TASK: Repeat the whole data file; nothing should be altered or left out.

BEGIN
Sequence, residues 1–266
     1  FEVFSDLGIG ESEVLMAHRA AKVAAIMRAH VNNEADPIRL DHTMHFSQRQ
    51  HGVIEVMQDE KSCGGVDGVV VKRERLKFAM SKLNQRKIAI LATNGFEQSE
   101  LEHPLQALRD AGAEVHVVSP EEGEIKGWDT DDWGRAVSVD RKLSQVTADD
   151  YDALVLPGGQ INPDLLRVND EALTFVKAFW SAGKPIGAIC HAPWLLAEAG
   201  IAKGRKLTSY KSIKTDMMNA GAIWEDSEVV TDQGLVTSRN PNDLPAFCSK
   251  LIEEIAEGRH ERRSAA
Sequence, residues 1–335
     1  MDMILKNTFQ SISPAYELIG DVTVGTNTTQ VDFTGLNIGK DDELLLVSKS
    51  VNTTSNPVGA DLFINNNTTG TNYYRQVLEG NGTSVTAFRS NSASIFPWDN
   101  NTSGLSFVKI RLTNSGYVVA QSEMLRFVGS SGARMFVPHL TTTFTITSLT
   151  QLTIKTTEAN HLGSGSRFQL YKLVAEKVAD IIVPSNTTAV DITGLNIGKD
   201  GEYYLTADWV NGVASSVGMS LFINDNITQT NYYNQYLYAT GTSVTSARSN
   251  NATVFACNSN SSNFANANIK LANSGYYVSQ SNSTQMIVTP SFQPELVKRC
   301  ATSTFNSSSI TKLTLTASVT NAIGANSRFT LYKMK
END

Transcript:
Sequence, residues 1–266
     1  FEVFSDLGIG ESEVLMAHRA AKVAAIMRAH VNNEADPIRL DHTMHFSQRQ
    51  HGVIEVMQDE KSCGGVDGVV VKRERLKFAM SKLNQRKIAI LATNGFEQSE
   101  LEHPLQALRD AGAEVHVVSP EEGEIKGWDT DDWGRAVSVD RKLSQVTADD
   151  YDALVLPGGQ INPDLLRVND EALTFVKAFW SAGKPIGAIC HAPWLLAEAG
   201  IAKGRKLTSY KSIKTDMMNA GAIWEDSEVV TDQGLVTSRN PNDLPAFCSK
   251  LIEEIAEGRH ERRSAA
Sequence, residues 1–335
     1  MDMILKNTFQ SISPAYELIG DVTVGTNTTQ VDFTGLNIGK DDELLLVSKS
    51  VNTTSNPVGA DLFINNNTTG TNYYRQVLEG NGTSVTAFRS NSASIFPWDN
   101  NTSGLSFVKI RLTNSGYVVA QSEMLRFVGS SGARMFVPHL TTTFTITSLT
   151  QLTIKTTEAN HLGSGSRFQL YKLVAEKVAD IIVPSNTTAV DITGLNIGKD
   201  GEYYLTADWV NGVASSVGMS LFINDNITQT NYYNQYLYAT GTSVTSARSN
   251  NATVFACNSN SSNFANANIK LANSGYYVSQ SNSTQMIVTP SFQPELVKRC
   301  ATSTFNSSSI TKLTLTASVT NAIGANSRFT LYKMK